Bush at Arlington
May 31, 2005
When Bush went to Arlington National Cemetery on Memorial Day, he uttered an amazing lie: "America," he said, "has always been a reluctant warrior."
Was America a reluctant warrior in the Spanish-American war?
Was America a reluctant warrior when it invaded Haiti and Nicaragua repeatedly in the twentieth century?
Was America a reluctant warrior when it went to war against Vietnam, Laos, and Cambodia?
Was America a reluctant warrior when it invaded the Dominican Republic in 1965?
Was America a reluctant warrior in Gulf War I?
Is America a reluctant warrior in the current Iraq War?
After the Downing Street memo and the mountain of other evidence that Bush, far from being reluctant, was overeager to go to war against Iraq, it takes a certain degree of chutzpah for him to stand before the nation and warble that lie.
At least 1,648 U.S. soldiers have died for his lack of reluctance.
At least 21,834 Iraqi civilians have died for his lack of reluctance, according to http://www.iraqbodycount.net.
When Bush talked about "completing the mission" in Iraq, American families with members in the armed forces or of draft age all across the country had to wonder whether their loved ones may ultimately die for Bush's lack of reluctance.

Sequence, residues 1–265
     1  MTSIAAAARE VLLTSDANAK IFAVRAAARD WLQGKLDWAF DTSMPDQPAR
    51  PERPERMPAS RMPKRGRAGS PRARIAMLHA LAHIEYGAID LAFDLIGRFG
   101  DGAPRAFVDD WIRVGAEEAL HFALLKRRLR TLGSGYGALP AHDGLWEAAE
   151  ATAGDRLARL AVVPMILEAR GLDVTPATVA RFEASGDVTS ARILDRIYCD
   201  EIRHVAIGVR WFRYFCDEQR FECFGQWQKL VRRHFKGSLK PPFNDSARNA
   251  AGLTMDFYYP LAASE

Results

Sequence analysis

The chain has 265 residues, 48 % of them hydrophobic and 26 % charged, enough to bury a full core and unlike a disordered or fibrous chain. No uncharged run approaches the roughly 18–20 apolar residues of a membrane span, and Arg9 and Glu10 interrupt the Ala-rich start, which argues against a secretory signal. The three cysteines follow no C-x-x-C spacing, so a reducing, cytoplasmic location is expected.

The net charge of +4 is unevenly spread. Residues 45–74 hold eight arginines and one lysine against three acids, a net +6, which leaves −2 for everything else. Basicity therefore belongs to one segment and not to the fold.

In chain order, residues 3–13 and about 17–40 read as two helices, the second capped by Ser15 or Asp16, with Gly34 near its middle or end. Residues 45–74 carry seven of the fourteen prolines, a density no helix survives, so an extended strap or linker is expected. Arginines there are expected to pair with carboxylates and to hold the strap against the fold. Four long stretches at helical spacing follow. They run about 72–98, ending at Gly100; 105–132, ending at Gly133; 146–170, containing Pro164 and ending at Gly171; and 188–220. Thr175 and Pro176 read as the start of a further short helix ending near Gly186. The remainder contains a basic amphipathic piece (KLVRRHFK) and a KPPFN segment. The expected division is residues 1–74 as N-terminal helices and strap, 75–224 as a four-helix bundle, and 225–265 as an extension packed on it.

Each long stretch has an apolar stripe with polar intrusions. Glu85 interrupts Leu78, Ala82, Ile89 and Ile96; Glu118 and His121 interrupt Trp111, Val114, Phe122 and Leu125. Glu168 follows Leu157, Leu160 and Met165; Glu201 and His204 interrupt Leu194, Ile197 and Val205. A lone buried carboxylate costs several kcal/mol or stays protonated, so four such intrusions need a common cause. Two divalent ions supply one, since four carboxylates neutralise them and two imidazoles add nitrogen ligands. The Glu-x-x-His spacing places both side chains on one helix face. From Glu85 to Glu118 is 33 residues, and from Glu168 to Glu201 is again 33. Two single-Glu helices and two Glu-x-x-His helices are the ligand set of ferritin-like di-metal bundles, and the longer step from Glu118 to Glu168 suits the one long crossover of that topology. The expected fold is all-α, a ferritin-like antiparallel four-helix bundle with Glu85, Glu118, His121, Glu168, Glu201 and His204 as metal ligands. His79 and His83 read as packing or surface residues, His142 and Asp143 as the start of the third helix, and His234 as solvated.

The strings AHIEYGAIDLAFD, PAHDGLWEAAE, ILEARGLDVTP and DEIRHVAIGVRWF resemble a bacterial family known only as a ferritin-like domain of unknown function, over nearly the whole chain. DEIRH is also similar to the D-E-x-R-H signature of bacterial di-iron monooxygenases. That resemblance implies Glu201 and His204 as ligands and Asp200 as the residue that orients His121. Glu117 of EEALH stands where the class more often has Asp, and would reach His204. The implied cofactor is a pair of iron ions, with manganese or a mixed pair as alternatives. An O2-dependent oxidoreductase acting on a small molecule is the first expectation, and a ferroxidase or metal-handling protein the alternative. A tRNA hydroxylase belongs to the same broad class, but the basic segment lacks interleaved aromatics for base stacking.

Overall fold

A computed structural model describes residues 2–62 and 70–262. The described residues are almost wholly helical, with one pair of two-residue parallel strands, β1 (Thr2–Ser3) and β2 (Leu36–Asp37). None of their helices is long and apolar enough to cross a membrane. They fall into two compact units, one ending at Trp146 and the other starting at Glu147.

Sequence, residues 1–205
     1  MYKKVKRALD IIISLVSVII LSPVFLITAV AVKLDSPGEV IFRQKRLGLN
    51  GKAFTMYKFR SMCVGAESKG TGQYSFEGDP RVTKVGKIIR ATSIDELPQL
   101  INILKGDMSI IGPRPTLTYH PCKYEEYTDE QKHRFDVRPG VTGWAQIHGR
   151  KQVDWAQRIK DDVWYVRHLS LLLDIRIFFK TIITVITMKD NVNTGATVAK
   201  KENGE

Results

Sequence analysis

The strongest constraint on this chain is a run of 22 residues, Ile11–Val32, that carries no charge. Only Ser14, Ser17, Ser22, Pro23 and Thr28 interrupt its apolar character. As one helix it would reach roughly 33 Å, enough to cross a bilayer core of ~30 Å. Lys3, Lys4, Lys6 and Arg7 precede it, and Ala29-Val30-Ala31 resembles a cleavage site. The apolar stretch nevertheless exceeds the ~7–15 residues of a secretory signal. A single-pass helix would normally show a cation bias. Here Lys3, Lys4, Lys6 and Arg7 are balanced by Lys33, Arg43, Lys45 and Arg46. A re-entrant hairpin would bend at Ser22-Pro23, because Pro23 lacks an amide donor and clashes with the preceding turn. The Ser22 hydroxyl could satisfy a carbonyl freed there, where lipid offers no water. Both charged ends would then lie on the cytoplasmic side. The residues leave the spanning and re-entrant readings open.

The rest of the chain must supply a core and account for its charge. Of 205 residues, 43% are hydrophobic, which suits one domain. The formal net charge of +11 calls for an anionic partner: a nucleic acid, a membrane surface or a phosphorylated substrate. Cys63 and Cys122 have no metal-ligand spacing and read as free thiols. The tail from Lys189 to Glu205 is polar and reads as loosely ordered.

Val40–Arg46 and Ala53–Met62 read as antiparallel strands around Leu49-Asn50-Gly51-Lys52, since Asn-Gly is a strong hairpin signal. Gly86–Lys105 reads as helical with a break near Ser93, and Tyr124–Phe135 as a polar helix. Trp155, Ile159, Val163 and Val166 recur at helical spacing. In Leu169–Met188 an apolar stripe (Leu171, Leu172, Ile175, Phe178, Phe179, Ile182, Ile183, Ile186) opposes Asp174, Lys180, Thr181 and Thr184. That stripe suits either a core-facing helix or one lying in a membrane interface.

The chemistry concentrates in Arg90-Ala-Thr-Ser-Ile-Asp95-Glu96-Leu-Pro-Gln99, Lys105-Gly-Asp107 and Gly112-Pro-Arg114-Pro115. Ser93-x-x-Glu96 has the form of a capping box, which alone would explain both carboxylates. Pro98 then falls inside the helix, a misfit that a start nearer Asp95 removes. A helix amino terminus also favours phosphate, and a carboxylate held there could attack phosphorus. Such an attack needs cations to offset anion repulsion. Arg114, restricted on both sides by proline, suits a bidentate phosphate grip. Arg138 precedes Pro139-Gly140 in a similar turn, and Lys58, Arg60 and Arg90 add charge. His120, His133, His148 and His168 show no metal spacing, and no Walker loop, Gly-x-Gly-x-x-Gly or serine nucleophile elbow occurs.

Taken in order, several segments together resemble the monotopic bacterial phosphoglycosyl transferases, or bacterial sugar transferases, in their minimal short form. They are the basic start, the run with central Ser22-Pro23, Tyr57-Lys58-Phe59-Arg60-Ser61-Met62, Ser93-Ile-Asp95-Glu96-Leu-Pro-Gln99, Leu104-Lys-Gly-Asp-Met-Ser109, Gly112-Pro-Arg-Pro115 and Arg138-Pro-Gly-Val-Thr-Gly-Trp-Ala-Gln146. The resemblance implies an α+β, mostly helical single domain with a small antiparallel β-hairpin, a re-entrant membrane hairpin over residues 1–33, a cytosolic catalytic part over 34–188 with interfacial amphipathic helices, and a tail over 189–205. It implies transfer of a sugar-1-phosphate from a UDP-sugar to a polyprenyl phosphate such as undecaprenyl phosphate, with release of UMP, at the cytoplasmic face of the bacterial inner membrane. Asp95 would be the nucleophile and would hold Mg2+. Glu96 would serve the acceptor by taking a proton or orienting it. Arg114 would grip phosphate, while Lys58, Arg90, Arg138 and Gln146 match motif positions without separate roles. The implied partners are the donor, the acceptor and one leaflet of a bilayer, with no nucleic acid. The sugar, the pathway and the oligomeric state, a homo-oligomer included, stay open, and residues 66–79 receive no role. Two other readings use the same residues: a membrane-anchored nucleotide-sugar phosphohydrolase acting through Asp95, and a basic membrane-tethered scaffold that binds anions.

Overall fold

Bush told the American families that have already lost loved ones in Iraq that "America is more secure" for their sacrifice.
That claim is also difficult to sustain.
Bush's wars, and the accounts of widespread torture, abuse, and mass detention in Iraq, Afghanistan, and Guantanamo, have poisoned the well of goodwill that the United States could have tapped after 9/11. Now, by his actions, Bush has enraged millions upon millions of Arabs and Muslims around the world.
A percentage of them will take up arms against the United States, perhaps for a generation to come.
How does that make us more secure?